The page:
BNGO Books

Print design and ebook development

Who's Afraid of Bells and Whistles?

BNGO BooksComment

There has been lots of discussion recently in the ebook-making world about bells and whistles and EPUB3. Folks don't want to make EPUB3 files because, who needs Javascript anyway? Kindles certainly don't. How many books in their right minds need video? Very few.

Ding Ding Ding

No one wants these features if they aren't going to work everywhere. Scripting, MathML, audio and video: There's no denying that support is spotty and even nonexistent.

Talking about bells and whistles and how they're not supported is a great way to keep the conversation limited to ebook developers and out of reach — or interest — of people in publishing. You know, our clients.

That's why I'd like to banish that phrase and instead talk about real-life book features that authors, editors, and designers can get excited about. Features that are already in books and that can be boosted in the ebook edition.

It's All About Books

Let's talk about the ordinary, everyday book: a novel, a memoir, a bit of history or politics. In other words, a book that's mostly text, with a few images, a bibliography and maybe a glossary, perhaps a few tables.

Those aren't bells and whistles.

They are parts of a book.

The same with tables of contents. Not every print book has one, but many do. So when included in an ebook, they don't ring any kind of bell. They just live there, naturally.

When we organize a book, we use simple, straightforward hierarchies: what's a chapter title (h1 in ebook-speak)? First-level subhead (h2)? No bells and whistles here, just book stuff.

If we include a glossary, we prepare the manuscript so that glossary terms and their definitions each have the correct tags. No pealing bells here.

When we add a table of illustrations to go along with the table of contents, we're not proposing anything unusual. We're just making the book more accessible and easier to use for everyone.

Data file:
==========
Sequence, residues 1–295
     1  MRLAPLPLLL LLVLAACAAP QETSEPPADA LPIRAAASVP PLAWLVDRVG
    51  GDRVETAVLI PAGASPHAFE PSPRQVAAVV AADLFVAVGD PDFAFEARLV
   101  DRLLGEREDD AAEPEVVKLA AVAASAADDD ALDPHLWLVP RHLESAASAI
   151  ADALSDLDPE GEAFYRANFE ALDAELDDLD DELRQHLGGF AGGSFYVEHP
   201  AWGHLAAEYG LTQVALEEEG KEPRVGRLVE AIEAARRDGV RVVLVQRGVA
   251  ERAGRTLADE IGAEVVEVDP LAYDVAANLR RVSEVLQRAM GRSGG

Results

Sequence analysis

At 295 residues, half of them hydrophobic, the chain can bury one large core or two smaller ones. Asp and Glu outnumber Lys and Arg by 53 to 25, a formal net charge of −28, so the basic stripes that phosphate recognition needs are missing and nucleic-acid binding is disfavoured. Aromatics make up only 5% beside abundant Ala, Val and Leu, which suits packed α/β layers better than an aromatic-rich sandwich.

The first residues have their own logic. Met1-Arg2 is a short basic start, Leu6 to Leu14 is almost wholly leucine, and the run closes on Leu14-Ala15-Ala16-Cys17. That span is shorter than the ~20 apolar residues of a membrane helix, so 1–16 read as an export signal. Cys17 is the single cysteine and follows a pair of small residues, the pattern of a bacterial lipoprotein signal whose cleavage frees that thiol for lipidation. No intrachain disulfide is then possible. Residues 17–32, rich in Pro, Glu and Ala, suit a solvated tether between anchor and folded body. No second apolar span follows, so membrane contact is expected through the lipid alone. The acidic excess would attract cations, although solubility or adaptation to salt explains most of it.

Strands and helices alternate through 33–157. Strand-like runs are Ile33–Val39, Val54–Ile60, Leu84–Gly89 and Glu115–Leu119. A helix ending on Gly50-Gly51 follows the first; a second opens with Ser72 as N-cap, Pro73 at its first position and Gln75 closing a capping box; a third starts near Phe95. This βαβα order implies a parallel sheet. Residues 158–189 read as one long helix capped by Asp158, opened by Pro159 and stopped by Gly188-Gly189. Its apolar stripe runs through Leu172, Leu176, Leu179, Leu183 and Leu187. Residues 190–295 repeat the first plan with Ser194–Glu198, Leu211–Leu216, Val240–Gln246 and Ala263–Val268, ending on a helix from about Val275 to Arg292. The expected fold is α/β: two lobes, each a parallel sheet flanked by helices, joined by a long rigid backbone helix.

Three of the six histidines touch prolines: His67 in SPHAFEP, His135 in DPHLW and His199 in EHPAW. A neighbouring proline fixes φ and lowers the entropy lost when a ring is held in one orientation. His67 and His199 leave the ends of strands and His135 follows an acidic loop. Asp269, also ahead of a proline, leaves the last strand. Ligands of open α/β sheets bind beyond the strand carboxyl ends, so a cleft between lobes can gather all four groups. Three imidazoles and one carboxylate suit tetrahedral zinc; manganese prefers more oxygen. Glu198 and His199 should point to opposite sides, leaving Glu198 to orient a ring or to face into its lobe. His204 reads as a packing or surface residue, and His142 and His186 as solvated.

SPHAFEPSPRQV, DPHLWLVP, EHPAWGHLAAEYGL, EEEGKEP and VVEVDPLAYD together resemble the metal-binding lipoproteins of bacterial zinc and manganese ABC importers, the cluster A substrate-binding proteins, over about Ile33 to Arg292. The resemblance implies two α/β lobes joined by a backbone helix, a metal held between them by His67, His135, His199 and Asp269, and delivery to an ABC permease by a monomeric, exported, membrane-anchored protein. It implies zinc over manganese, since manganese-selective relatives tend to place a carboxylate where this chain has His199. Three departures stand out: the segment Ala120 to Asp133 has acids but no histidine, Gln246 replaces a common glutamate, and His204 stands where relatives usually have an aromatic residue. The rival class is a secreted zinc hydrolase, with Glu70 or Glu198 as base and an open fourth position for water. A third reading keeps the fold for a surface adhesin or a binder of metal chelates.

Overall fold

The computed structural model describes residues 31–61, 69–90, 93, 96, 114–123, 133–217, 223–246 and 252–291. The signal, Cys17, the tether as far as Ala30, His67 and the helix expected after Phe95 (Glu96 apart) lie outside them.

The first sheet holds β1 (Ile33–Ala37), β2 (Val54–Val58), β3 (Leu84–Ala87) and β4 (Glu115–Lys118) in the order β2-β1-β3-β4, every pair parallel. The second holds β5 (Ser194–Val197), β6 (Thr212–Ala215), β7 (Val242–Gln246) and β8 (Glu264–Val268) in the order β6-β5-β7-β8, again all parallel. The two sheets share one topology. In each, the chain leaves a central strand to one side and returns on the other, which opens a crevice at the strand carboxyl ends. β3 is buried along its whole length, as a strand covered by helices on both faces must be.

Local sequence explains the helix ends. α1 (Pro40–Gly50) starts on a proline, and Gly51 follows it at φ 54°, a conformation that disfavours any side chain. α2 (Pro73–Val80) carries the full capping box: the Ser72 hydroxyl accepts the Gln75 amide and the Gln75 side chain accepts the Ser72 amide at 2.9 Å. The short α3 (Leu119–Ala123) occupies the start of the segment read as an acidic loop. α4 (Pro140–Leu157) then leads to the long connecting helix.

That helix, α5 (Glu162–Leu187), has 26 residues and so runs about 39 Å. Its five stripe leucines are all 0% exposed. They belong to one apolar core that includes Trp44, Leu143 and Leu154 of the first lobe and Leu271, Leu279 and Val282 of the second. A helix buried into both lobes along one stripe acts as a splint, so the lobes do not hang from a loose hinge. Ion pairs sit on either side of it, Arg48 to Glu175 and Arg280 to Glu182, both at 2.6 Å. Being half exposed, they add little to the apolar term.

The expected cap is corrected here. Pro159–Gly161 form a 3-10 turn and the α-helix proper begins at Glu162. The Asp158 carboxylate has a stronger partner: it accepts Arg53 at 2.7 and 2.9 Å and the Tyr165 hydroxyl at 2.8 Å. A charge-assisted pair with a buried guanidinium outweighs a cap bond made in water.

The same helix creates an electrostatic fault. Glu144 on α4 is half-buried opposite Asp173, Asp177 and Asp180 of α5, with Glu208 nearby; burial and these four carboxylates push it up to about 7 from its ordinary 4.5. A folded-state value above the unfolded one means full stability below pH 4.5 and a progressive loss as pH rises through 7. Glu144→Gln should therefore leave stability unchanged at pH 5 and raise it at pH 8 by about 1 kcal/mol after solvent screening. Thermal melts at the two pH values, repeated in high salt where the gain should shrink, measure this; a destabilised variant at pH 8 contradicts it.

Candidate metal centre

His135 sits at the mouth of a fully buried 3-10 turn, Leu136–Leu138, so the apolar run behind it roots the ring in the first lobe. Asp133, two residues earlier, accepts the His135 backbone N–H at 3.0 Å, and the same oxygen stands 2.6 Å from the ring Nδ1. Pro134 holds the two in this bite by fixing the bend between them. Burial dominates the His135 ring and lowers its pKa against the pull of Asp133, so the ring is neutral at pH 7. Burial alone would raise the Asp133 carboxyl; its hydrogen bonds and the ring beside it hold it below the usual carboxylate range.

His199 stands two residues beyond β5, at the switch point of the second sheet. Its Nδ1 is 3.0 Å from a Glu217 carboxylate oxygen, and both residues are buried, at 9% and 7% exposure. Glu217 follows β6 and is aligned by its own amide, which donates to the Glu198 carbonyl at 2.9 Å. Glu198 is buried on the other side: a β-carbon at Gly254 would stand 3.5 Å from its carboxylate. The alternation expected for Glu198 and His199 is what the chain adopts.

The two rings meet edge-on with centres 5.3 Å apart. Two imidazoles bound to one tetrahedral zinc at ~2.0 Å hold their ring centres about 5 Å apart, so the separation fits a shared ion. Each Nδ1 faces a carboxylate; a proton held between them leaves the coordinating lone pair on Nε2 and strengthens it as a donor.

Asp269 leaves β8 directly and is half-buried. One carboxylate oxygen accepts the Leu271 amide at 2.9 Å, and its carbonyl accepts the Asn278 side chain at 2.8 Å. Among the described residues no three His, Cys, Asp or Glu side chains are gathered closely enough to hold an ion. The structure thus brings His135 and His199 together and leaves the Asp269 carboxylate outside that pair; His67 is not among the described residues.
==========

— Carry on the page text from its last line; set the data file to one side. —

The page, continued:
Why Resist?

I've wondered about the cause of the resistance, and I think I have an idea. Quite a while ago a client wished for a one-click solution to ebook making. Well, it's available. It is possible to export a valid EPUB from InDesign and just put it up for sale.

I sympathize with this attitude. If sales aren't there to support a few hours of an ebook developer's time, then I see why a publisher would shy away from doing further development. But: chicken, egg? Spend the time, plan to add simple book features — features you wish you had room to fit into print — and your readers will notice and buy your next book.

It's Not Technical

One stumbling block for a lot of editors, designers, and even ebook developers is that it all seems so technical. Non-book-world verbiage, indecipherable version numbers, unfamiliar interface, no feel of paper or smell of ink.

But all you need to keep in mind is that EPUB3 lets a book be more like the books you cherish on your bookshelves. More text, more features that don't fit in the page count, better structure that will survive future reading systems and thrive there.

It's Also About the Future

Future reading systems? Yes, new and different reading systems will come along. Work is ongoing to improve e-reading software. So an author or editor who is interested in having her ebook as readable in that future state as her paperback version of Moby Dick that's sitting on her bookshelf, the best idea is to make good, practical, EPUB3 files now.

We Are All Book People Here

A book is a book, in whatever format. So, as a designer, if I take care with the print edition, nudging design elements, making sure styles are consistent, establishing clear hierarchy through typography, then I'm going to want to do the same thing to the ebook edition. I'll add tables of contents that are as complete as possible, make hierarchy clear through proper tagging, and ensure elements are marked up consistently. Like I said, an EPUB3 is just like a print book, only moreso.

More Thoughts

On epubsecrets.com, Laura Brady mused about the slow adoption of EPUB3, and countered several common arguments. Click here to read her take On the Slow Adoption of EPUB3.

Also on epubsecrets.com, Dave Cramer, cochair of the W3C's EPUB3 Community Group, wrote about versioning, the differences between EPUB and the Web, and how we can create ebooks that utilize existing technology, old technology, and technology yet to come. Read "Good Enough: A Meditation on the Past, Present and Future of EPUB" here.

In the January edition of InDesign Magazine, I wrote the cover article on creating accessible EPUB3 files right out of InDesign. It can be done with minimal change in the workflow. Click here to access the article